6. If MPR was entirely subscription supported I could accept it. But it isn’t. Nothing “public “ about a politically biased megaphone. Defund it now.

  7. Joe,

    When one corrects for the hard left spin, the BBC is not bad. Certainly better than NPR, CBS, NBC, ABC and all the other American alphabet stations.

    Even CBC (Canadian) does better than their US counterparts

  8. I like the Frankfurter Allgemeine Zeitung. It’s center right (on the German political map, anyway – probably pretty centrist by US standards). It’s also good for practicing my German, but there’s an English edition online as well.

  9. I think I’ve shared this before, but back in the day I was approached by a headhunter for a communications job at MPR that would have also involved writing speeches and such for Bill Kling. I had a good chuckle at the thought, and then the guy gave me the salary range, and my chuckle turned into a gasp. IIRC, it was about $20k more a year than I was making at the time. It’s a thought worth entertaining, but I also realized that – even if I were hired – there was no way I was would make it a year in that gig to collect the extra jing. I did have fun at dinner that night describing to my wife the kinds of speeches I’d like to write for Kling.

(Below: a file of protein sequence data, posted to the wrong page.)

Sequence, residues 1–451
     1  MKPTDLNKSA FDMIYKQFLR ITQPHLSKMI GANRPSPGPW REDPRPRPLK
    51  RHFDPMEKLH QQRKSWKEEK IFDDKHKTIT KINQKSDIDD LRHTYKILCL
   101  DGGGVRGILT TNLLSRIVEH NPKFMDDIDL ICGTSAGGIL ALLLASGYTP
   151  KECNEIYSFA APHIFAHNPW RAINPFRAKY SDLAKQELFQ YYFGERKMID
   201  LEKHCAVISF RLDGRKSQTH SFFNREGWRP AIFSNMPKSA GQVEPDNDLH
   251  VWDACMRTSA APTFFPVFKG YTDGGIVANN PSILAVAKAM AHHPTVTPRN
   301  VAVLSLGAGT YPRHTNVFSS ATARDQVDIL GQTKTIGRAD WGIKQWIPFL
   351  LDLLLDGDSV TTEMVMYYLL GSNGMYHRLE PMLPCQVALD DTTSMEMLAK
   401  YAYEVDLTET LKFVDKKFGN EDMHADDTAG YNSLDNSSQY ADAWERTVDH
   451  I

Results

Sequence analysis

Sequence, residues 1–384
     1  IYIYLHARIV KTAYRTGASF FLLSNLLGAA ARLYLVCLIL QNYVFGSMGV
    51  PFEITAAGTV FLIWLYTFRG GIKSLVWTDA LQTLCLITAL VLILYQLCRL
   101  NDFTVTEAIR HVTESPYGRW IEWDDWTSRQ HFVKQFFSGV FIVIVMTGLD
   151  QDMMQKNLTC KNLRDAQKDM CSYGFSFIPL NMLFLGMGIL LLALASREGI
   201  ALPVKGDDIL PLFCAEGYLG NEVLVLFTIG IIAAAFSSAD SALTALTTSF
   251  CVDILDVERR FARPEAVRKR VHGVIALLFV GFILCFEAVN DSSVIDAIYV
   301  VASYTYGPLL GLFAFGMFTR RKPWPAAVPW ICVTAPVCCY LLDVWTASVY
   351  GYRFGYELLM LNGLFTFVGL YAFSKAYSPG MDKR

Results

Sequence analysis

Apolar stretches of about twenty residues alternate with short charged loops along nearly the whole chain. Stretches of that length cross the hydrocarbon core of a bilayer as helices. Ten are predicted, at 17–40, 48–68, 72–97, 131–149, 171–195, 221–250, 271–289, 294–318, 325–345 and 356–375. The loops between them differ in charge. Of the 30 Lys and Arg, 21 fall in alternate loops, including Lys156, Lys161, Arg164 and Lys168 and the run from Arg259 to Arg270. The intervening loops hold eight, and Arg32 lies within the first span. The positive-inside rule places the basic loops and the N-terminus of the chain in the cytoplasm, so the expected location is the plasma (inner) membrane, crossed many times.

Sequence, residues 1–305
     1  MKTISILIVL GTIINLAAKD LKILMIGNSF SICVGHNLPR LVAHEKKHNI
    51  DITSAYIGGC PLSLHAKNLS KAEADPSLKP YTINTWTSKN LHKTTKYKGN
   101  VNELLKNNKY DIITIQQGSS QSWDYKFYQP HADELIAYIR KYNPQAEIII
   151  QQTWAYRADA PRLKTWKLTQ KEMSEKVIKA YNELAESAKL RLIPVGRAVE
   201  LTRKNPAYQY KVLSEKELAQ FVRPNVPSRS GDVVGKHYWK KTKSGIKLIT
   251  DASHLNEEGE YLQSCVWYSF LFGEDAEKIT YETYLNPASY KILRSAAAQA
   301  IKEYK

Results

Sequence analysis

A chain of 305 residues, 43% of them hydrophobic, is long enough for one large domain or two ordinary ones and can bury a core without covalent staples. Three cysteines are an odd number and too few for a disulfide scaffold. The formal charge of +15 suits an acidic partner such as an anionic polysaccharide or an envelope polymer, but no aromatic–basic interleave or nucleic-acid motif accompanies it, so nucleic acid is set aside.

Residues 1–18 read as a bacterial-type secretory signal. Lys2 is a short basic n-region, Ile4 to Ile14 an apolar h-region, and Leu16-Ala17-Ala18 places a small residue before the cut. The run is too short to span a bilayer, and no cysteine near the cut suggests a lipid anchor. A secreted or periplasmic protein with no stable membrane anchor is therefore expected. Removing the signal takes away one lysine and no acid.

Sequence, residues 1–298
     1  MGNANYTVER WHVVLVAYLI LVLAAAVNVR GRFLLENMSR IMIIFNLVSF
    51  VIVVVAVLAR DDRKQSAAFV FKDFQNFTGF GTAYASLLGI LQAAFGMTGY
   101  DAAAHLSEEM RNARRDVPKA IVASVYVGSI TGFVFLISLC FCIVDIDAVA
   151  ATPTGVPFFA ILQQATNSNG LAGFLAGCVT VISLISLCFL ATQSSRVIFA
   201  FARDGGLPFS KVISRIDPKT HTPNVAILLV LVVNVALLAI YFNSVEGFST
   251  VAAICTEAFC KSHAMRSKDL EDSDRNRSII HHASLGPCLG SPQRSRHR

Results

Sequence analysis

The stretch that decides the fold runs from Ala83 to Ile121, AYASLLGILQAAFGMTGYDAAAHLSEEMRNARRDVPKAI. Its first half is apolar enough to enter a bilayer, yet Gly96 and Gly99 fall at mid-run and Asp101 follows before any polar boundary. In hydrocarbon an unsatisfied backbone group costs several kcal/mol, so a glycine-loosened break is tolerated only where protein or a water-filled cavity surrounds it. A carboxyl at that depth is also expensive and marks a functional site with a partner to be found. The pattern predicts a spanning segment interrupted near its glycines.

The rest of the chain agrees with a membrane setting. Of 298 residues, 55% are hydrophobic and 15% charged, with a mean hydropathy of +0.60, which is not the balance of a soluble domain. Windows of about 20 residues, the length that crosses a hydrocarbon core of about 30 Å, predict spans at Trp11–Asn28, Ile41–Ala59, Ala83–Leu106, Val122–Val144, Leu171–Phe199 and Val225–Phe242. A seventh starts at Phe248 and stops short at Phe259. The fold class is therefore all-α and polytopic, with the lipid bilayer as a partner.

Re the UK press, I agree with JD and Greg. I have limited subscriptions to the Guardian, Economist and Telegraph that gives me access to a handful of articles per month (actually, I think my Economist subscription is a full on-line one). They do cover the news very well, and the Guardian’s and Economist’s columnists are worth a laugh. The Telegraph also an interesting lifestyles feature.

  10. … why I will never donate a single penny to Minnesota Public radio, even though I listen to them (primarily news and classical music) constantly.

    I used to listen to MPR classical constantly, but with my Amazon Prime subscription I’ve found streaming their classical library for free to be much, much better. I can choose the shorter movements that MPR often plays, but I also get choices of other lengths. And I don’t get opera. Sorry, not sorry, but I hate 99.99% of opera. And I get a much better selection of types of classical I get, too. I don’t go back to MPR unless I forget to throw a bluetooth speaker into my kids’ cars when I have to drive those.

    As for news, the doctor told me to lower my blood pressure, so I had to drop MPR news. There were times I’d rage at the afternoon drive time idiots opinionating “reporting” on things that were clearly at odds with reality. Some of their other shows can be interesting, and the BBC hour they have is fairly entertaining once you discount the snooty leftist Europhile angle enough.

    So overall, MPR isn’t nearly attractive enough to get me to drop streaming classical and audiobooks.

  11. Night Writer, I subscribed to The Economist for years, but they lost it sometime around when Matt Ridley left. I suspect he was gracefully shown the door for writing about science rather than scientism.

    What bugs me the most about them today is their “Voice of God” writing style. Gosh, there is nuance and uncertainty in the world, but not at The Economist.